Ames legislator proposes bill to fund Leopold Center


State funding cuts leave Iowa universities in a tough spot. They’ll either have to increase tuition or face other consequences. 

Devyn Leeson

The state defunded the Leopold Center at Iowa State as a part of the annual appropriations bill last year, but a new bill could help bring some of the funding back.

The Leopold Center for Sustainable Agriculture was “created to identify and develop new ways to farm profitably while converting natural resources.” The Leopold center today focuses on continuing research started before 2017 and operates solely on their endowment fund.

Through their ongoing research, Rep. Beth Wessel-Kroeschell, D-Ames, said the Leopold Center has helped farmers implement sustainable agriculture techniques and increase crop yields.

“These farmers are the number one economic engine for the state and the Leopold Center has been helping them,” she said.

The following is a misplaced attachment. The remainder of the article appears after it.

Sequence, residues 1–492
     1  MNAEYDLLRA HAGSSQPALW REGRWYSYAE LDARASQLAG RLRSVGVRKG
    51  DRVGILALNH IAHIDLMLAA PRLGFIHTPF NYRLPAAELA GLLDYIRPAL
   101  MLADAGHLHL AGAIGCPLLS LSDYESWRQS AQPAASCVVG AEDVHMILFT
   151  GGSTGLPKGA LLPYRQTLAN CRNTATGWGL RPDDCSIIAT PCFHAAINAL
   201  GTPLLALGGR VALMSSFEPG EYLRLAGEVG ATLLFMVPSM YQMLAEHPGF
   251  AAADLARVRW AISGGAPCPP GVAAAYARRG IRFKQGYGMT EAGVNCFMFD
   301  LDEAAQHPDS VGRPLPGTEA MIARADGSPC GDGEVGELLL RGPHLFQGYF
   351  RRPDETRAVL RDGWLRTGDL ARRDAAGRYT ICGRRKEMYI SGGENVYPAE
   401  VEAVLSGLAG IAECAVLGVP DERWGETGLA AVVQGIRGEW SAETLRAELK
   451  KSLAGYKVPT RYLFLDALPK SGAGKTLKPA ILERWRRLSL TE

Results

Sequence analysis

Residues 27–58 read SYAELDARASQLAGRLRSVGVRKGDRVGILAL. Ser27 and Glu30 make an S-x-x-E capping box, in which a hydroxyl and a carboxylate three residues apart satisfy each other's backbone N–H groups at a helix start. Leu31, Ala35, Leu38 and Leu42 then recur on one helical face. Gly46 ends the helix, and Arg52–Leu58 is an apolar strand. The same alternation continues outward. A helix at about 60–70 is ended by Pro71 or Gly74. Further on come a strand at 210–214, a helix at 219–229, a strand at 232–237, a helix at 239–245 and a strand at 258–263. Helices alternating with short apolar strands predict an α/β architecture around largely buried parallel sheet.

Legislators voted to cut funding to the Leopold Center during the 2017 legislative cycle.

Director of the Leopold Center Mark Rasmussen said last November, “With funding and staff reductions, we have got to narrow our priorities to what’s most important.”

Wessel-Kroeschell proposed legislation which would require the state fund $1 for every dollar raised by Iowa State for the center, up to $1 million. The previous budget for the center was used to fund agricultural grants.

“I know this wouldn’t fully fund the Leopold Center, but it could have an impact,” Wessel-Kroeschell said.  

More specifically, she claimed that the Leopold Center has been training farmers on how to avoid nitrate runoff and water contamination, an issue that is being heavily debated at the Statehouse.

However, this bill still has many hurdles, Wessel-Kroeschell said; the legislation is currently going through the appropriations committee and she said, “It likely won’t get a hearing.”

Whether or not the bill gets a hearing still isn’t decided. Last year the appropriations bill was going to end the Leopold Center altogether but after public outcry was only defunded.

Rep. Wessel-Kroeschell sees this as possible hope for the future.

“With enough public support, it could get a hearing,” Wessel-Kroeschell said.

And if it doesn’t get a hearing she said, “we are putting a light on it for now, so in the future we might be able to get it funded with a change in leadership.”